Lightweight frames that fit like sunglasses leave full freedom of movement, adding an immersive experience to executed tasks. Users can access 3D visualizations, digital workflows, access tutorials, and perform remote support, collaborate in real-time, and set up virtual monitors in their AR workspace. On the downside, the SDK is invitational and restricts the number of applications that can be created for the device. ThinkReality A3 requires high-performance PCs to perform optimally but calls for dedicated equipment, as it’s not compatible with all PCs. Not suitable for demanding environments, requires using hands, and a permanent connection to a mobile device.
Epson MOVERIO BT-40
|Display||Full HD 1080 p Si-OLED, 500.000:1 contrast ratio|
|Field of view||34 degrees|
|Operating system||Windows 10, Android 8.0|
|Voice control||Google Voice|
|Audio||Built-in speaker, mini jack|
|Memory||4 GB, 64 GB storage|
|Battery||Up to 4h, operating time extendable with commercially available mobile batteries|
|Physical buttons||7 buttons, controller|
|Mounting||Worn like standard glasses|
|Noise cancellation||Noise-canceling microphone|
|Resistance||Operating temperature 41 to 95°F / 5 to 35°C, operating humidity 20 to 80%|
|Other features||Qualcomm Snapdragon XR1, Plug-and-play app Moverio Link|
See-through glasses with a smart touchscreen controller. Durable, flexible, and easy to wear, even while performing few-hour tasks. Moverio BT-40 can be used together with correction glasses and supports head movement tracking. The device ensures full privacy of displayed materials and is compatible with other devices thanks to the USB-C port.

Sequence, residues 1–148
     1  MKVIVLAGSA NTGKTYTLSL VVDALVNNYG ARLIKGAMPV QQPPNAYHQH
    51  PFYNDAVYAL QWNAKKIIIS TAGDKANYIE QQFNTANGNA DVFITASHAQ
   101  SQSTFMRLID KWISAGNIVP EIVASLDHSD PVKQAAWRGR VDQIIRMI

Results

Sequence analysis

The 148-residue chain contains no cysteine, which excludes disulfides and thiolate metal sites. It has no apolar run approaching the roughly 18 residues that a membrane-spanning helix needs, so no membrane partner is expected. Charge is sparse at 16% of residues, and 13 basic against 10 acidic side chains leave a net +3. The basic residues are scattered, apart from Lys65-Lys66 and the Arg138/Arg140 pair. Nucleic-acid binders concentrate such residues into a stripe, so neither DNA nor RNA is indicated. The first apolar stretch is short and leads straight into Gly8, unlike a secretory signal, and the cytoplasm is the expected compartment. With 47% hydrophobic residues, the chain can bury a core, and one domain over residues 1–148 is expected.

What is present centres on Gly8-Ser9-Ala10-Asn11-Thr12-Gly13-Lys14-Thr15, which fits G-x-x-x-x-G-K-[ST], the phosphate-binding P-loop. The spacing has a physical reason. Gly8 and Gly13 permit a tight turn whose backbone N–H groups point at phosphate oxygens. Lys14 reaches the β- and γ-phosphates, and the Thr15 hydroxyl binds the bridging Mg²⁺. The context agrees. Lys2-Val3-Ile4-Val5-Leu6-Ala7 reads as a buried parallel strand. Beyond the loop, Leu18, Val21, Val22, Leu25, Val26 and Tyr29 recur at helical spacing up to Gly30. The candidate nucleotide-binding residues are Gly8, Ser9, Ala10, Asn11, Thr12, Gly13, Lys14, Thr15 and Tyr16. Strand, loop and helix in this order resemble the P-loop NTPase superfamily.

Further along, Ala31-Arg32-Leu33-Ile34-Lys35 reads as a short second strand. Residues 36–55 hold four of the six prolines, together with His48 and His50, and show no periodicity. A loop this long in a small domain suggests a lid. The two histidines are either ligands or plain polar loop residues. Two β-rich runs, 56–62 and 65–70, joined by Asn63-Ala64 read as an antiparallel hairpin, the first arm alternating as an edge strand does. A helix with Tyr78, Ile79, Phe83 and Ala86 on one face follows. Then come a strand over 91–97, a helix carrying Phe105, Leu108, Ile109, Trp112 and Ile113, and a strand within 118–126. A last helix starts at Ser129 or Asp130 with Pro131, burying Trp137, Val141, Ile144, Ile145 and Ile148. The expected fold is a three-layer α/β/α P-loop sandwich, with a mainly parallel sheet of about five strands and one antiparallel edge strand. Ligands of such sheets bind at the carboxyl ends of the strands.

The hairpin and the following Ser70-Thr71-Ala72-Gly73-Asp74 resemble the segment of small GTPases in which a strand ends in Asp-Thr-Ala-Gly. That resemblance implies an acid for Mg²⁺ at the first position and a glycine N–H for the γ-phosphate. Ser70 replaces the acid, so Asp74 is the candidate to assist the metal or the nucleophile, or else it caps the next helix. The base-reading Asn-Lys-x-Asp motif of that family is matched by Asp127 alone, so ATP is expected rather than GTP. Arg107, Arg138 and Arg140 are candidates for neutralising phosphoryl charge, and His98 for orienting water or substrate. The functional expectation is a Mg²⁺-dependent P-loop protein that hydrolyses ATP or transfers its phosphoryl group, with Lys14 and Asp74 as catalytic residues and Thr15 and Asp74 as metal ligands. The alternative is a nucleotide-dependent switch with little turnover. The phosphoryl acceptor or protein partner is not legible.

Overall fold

The privacy aspect left its mark on the device, as Epson decided to not include a camera in this model (the sisterly model, BT-40S is however equipped with one), explaining this move as more privacy-preserving, making it inevitably less useful in professional settings – e.g. not supporting hand gestures. Suitable for employee training and displaying instructions, yet leaving a gap in two-way real-time communication with remote experts and trainers.
How to choose the best AR device for industrial usage?
The technology race does not slow down, as the appearance of the ever-new devices proves.
Devices vary, and so do their potential and performance, as depicted in the above exemplary comparison. Technology needs to measure up when joining the race for market domination, as it’s not only performance that prejudges the usability of the equipment in particular conditions. See-through technology, 3D holograms, hand tracking, and interactions between the virtual and real world are major power expenditures, but as long as the device handles the set requirements it fulfills its role and answers vital needs. The multitude of available solutions helps to answer market needs, as various enterprises and manufacturers perform internal processes in diverse conditions and require devices keeping pace with the Fourth Industrial Revolution.
Does your industry need the newest, most advanced technology, or will some earlier, already well-tested, and verified models correspond to your requirements? Which key features and benchmarks are most vital in industrial-grade AR applications?
If the above breakdown left you wondering which model of AR glasses will be the best choice in your operations, we’ll be happy to support you with our experience. With an array of tested and supported devices, our team sees behind the trends, efficiently advising customers which equipment answers their needs best.
We offer a 14-day trial of the AI&AR platform for industrial processes, during which you’ll have the opportunity to try out a chosen augmented reality device. Let us know and try out the scalable and cost-effective hands-on training tool for factory workers and engineers.
Curious about improving your processes with AR? Download the ebook and learn more about creating the new, augmented reality of your industry.